Innovation success without big investment
Innovation is still the lifeblood of continuous growth creation. BUT how can you innovate for growth without investing far more than you can afford in this economy?
The answer is in “concept” innovation, and the results are typically greater than product improvement innovation… both short-term and long-term. Here’s why…
Concept innovation is innovating the concept of what people are buying so they aspire to own or use your product or service. In Alpha terminology, it is redefining your category in terms of a higher level of personal experience or fulfillment a customer can get buying from you. That means, they feel better about themselves and they believe others also see them as better than they were before they purchased or used your product.
To some, this may sound too superficial, because they are limited in their experience of such “innovation” as being clever phrases or pandering to base human desires (sex, material wealth, power, etc). Successful concept innovation, however, is much, much deeper than that, and its ramifications go to the core emotional and functional needs a person desires to fulfill.
As I cover in The Alpha Factor (Westlyn Publishing, 2008), the most influential brands in the world have this trait in common. The real secret to their success is and has been in their concept innovation. They are not all the largest in their respective categories, but they are the most profitable and the most influential in driving and managing customer decisions.
For instance, Apple was using this principle for decades before it finally became the Alpha in the personal computing industry, driving competitors to follow their lead in technological innovation and customer experience. To own an Apple made you part of a cult of passionate “believers.” Apple owners were evangelists for the experience of owning an Apple product. That made customers of non-Apple products envious to the point that an anti-Apple movement even started amongst persons who perceived themselves as more technologically savvy and who could manipulate the weaknesses of DOS-based PC products.
Apple remains my favorite Alpha company, because it still completely “owns” the customer experience people aspire to receive… and they do it in a way that allows them to ask far more for their product than competitors can demand.
Ben and Jerry’s ice cream is another. Although no longer the Alpha they were even a decade ago, Ben and Jerry’s ice cream accomplished much the same thing. Yes, they innovated by adding more “stuff” to their ice cream, but that product improvement was only successful because they created a new concept for ice cream eating that people aspired to experience. For instance, my research in the ice cream category back in the mid- and late 1990s showed that 80+% of persons who claimed they “only” bought whatever ice cream was on sale actually regularly purchased Ben and Jerry’s ice cream for themselves. They just hid it from the rest of the family. That’s an immense level of influence created, and it is why almost every other ice cream brand began to copy B&J’s product approach.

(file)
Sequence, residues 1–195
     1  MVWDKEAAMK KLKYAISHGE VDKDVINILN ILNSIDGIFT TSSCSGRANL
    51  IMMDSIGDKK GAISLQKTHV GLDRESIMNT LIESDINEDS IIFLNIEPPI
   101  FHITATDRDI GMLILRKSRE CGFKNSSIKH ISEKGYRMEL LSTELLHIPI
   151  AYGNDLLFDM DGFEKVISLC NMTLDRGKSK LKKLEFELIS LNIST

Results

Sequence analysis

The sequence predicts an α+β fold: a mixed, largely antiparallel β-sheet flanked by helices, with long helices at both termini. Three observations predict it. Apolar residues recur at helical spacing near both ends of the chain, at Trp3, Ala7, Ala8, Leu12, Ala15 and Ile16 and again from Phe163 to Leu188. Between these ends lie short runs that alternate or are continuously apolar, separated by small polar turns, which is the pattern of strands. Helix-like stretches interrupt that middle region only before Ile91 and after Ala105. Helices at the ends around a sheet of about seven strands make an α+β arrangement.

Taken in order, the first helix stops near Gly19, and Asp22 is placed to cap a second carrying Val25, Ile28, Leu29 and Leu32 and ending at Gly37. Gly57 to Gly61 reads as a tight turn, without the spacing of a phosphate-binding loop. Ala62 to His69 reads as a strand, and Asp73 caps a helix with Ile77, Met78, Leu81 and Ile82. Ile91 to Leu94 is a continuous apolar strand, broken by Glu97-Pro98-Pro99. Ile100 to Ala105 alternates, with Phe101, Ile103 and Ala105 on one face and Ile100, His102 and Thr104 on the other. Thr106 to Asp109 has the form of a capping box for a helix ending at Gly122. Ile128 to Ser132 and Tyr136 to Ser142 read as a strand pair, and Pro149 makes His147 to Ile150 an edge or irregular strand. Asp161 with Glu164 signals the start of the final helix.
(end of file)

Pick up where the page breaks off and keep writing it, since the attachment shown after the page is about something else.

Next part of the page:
On a smaller level, I worked with a small regional bank that was already doing a great job with customer service. They had among the most competitive rates around. They only had two branches, so they could not compete with “regular” banks on convenience – the most common criteria for picking a bank. The concept innovation we discovered would be most successful for them was to change the focus of what they sold from bank services to “personal financial success.” We created a “Personal Success” club. We defined services that would make this bank the go-to bank for almost anything that would help their target audience feel that they could take charge of their personal financial future.
The result was more than $1 million in new deposits in the first week and dramatic growth in number of customers defining the bank as their “primary” bank. The bank only had to do a small amount of internal work to pay off the concept so that customers actually felt that the inherent promise of the concept was fulfilled. But the results were more than almost any new product development process could have generated for them. Best of all, they did not even have to open one additional branch to accomplish that growth.
Although I have facilitated plenty of new product innovation, seldom have I seen that investment pay off as well or as quickly as concept innovation consistently does.
Concept innovation doesn’t cost much to accomplish. But the return on investment is immense, if it uses the Alpha model to innovate to fulfill a person’s experiential needs, as well as his practical product function needs.
I know many companies have tried some version of “concept innovation.” Some with success. Some without.
Have you seen this work? Or have you seen it fail, and, if so, why do you think it failed? I would love to hear your experiences.
Wes Ball is president and founder of The Ball Group, a strategic innovation and new market development company. He is also author of The Alpha Factor – a revolutionary new look at what really creates self-sustaining success and market dominance. He can be reached at www.ballgroup.com or www.thealphafactor.com.